CEO 90-9 -- January 24, 1990






To:       (Name withheld at the person's request.)




No prohibited conflict of interest would be created under the Code of Ethics for Public Officers and Employees were a hospital board member's spouse to participate in a joint venture to build an office building on hospital property.  Neither Section 112.313(3) nor 112.313(4), Florida Statutes, applies here, where the board member would not be purchasing realty, goods, or services for her agency from the business entity in which her husband holds an interest and any compensation her spouse may receive was not given to influence a vote or other official action of the board member.




Would a prohibited conflict of interest be created were you to serve as a member of a county hospital board where your spouse is a physician and limited partner in a joint venture to construct an office building for physicians on hospital property?


Your question is answered in the negative.


In your letter of inquiry, you advise that you have served as a member of the Sarasota County Public Hospital Board since 1982.  You state that this is an elected, uncompensated position, although you may receive money for reimbursement of travel expenses. You also advise that the Hospital has developed a side-by-side corporation called Community Health Corporation (CHC), which is currently developing a joint venture with physicians to construct an office building on hospital property.  You state that CHC is acting as the developer because the Hospital Board is not permitted to enter into a joint venture of this nature.  In order to secure working capital for the project, CHC borrowed funds from the Hospital Board on two occasions at prime rate, to be paid back from the proceeds of the project.  The corporation also has entered into a lease for about one acre of hospital-owned land for 60 years.  At the end of this time, the land, building and all improvements will revert to the Hospital Board.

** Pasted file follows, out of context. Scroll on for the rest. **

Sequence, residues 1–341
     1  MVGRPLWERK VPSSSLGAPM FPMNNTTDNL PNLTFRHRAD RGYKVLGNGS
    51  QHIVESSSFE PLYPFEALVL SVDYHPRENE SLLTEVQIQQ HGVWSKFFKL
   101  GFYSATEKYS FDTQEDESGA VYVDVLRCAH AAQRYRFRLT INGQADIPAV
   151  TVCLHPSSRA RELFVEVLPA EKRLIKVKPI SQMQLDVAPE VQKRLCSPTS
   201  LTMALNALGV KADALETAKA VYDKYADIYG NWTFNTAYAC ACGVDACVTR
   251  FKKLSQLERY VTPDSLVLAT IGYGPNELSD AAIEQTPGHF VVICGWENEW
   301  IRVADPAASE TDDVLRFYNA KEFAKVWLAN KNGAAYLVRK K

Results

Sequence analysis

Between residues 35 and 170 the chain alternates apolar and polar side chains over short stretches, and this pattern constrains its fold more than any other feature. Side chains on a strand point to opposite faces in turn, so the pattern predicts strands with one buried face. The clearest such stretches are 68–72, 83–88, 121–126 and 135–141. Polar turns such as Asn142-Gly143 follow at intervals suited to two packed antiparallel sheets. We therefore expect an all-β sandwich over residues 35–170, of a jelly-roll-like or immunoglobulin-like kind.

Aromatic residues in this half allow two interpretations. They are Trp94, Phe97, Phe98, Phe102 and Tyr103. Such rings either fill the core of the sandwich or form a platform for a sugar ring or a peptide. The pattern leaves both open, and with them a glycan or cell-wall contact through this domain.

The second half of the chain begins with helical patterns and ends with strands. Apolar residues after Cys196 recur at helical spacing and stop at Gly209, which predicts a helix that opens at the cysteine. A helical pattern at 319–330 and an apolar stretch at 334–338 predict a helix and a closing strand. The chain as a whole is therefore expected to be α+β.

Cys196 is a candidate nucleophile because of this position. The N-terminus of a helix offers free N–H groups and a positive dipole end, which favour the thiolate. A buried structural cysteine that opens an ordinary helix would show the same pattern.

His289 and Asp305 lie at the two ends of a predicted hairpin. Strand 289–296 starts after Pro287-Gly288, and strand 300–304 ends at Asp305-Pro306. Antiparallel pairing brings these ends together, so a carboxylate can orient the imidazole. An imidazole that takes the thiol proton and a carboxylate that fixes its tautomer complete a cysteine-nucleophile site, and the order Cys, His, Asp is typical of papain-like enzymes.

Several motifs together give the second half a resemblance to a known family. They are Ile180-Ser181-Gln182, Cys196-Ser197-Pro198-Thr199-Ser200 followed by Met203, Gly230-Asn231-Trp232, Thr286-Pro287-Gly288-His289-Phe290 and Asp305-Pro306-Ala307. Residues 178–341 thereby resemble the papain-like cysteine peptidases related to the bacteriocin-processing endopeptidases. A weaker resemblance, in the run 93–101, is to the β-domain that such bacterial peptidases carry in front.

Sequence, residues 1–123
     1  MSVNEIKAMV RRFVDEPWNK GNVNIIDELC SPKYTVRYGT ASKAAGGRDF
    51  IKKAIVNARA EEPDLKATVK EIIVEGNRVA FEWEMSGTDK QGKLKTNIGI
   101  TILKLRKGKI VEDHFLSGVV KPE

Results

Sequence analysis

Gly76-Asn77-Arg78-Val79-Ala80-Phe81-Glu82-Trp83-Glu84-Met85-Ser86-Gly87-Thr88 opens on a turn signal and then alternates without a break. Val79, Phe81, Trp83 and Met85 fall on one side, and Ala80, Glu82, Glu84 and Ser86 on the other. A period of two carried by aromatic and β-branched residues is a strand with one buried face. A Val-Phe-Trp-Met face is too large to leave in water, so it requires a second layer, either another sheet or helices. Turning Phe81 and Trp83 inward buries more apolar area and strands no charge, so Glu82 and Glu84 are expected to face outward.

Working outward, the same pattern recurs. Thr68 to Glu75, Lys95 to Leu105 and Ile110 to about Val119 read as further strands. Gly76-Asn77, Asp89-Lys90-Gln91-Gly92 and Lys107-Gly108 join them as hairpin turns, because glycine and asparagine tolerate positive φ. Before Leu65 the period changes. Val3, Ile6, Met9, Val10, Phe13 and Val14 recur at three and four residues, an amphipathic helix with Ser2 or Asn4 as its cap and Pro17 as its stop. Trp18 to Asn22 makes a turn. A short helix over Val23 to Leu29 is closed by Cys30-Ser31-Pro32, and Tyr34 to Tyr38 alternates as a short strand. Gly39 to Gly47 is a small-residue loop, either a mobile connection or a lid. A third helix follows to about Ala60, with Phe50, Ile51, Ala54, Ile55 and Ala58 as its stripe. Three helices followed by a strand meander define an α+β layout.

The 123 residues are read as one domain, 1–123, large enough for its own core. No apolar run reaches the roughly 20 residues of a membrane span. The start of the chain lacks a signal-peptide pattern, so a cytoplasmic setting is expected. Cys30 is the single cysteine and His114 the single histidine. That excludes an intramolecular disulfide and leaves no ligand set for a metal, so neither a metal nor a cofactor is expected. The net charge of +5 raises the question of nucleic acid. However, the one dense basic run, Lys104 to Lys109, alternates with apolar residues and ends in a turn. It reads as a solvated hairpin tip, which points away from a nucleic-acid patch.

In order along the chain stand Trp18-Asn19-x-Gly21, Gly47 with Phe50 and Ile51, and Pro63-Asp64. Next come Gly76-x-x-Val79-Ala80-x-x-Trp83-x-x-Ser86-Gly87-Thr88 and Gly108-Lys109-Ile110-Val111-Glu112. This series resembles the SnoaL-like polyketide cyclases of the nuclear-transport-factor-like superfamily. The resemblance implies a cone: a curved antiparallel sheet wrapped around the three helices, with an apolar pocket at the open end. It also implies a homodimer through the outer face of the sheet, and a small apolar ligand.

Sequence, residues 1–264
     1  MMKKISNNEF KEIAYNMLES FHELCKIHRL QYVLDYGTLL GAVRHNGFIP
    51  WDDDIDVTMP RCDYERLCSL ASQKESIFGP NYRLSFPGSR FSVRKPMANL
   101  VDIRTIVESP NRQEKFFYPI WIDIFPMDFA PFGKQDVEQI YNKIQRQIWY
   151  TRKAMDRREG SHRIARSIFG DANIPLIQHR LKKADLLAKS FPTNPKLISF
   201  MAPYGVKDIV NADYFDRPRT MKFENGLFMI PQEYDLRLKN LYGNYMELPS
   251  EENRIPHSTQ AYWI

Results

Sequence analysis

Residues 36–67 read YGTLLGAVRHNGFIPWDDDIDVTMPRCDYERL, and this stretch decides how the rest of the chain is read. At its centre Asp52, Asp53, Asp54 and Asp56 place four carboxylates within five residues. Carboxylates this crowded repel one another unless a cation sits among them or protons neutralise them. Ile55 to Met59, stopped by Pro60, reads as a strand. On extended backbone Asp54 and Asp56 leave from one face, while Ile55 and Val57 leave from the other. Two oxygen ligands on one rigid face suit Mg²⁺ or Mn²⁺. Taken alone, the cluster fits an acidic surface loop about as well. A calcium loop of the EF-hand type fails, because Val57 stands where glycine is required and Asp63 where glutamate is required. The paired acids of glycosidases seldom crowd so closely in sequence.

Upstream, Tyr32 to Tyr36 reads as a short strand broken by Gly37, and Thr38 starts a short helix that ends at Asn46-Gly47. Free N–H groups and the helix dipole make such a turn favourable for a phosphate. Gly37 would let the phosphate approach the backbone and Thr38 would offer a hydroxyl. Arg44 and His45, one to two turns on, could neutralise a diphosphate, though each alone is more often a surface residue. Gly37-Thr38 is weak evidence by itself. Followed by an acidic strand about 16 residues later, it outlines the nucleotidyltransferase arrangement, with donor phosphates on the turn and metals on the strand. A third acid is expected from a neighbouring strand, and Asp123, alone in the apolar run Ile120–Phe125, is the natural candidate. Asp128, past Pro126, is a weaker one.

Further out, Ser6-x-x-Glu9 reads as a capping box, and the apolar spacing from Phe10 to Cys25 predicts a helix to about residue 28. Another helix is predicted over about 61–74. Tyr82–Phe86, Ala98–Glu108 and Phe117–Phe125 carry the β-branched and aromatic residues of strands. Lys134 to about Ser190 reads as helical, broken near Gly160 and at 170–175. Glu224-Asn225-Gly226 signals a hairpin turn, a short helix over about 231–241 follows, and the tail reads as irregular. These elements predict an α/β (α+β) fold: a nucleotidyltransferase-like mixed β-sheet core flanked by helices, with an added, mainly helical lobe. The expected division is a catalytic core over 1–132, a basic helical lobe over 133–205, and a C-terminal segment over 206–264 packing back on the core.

Your husband is a physician and would like to participate in this joint venture as a limited partner to secure office space near the hospital for his practice.  You estimate that of 100 partnership units, your husband's practice probably would be offered  four.  Your husband currently owns 50% of his medical practice, though at the time he would occupy the new building, you envision his interest would be less.  You inquire whether this partnership interest would create a prohibited conflict of interest with your service on the hospital board.